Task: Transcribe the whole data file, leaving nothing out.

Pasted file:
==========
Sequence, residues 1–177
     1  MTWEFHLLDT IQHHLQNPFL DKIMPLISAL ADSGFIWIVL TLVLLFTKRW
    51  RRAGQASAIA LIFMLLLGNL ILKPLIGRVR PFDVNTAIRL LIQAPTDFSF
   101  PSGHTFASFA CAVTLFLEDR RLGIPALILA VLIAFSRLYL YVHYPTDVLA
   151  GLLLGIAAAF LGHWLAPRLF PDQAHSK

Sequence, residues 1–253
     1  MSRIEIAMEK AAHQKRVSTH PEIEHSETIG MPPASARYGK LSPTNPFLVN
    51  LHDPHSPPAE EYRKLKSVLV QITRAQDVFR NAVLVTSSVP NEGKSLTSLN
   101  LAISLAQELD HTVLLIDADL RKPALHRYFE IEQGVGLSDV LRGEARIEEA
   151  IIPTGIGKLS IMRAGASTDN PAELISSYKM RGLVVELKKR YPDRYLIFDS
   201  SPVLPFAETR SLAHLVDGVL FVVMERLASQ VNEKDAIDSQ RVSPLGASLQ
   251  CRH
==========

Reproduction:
Sequence, residues 1–177
     1  MTWEFHLLDT IQHHLQNPFL DKIMPLISAL ADSGFIWIVL TLVLLFTKRW
    51  RRAGQASAIA LIFMLLLGNL ILKPLIGRVR PFDVNTAIRL LIQAPTDFSF
   101  PSGHTFASFA CAVTLFLEDR RLGIPALILA VLIAFSRLYL YVHYPTDVLA
   151  GLLLGIAAAF LGHWLAPRLF PDQAHSK

Sequence, residues 1–253
     1  MSRIEIAMEK AAHQKRVSTH PEIEHSETIG MPPASARYGK LSPTNPFLVN
    51  LHDPHSPPAE EYRKLKSVLV QITRAQDVFR NAVLVTSSVP NEGKSLTSLN
   101  LAISLAQELD HTVLLIDADL RKPALHRYFE IEQGVGLSDV LRGEARIEEA
   151  IIPTGIGKLS IMRAGASTDN PAELISSYKM RGLVVELKKR YPDRYLIFDS
   201  SPVLPFAETR SLAHLVDGVL FVVMERLASQ VNEKDAIDSQ RVSPLGASLQ
   251  CRH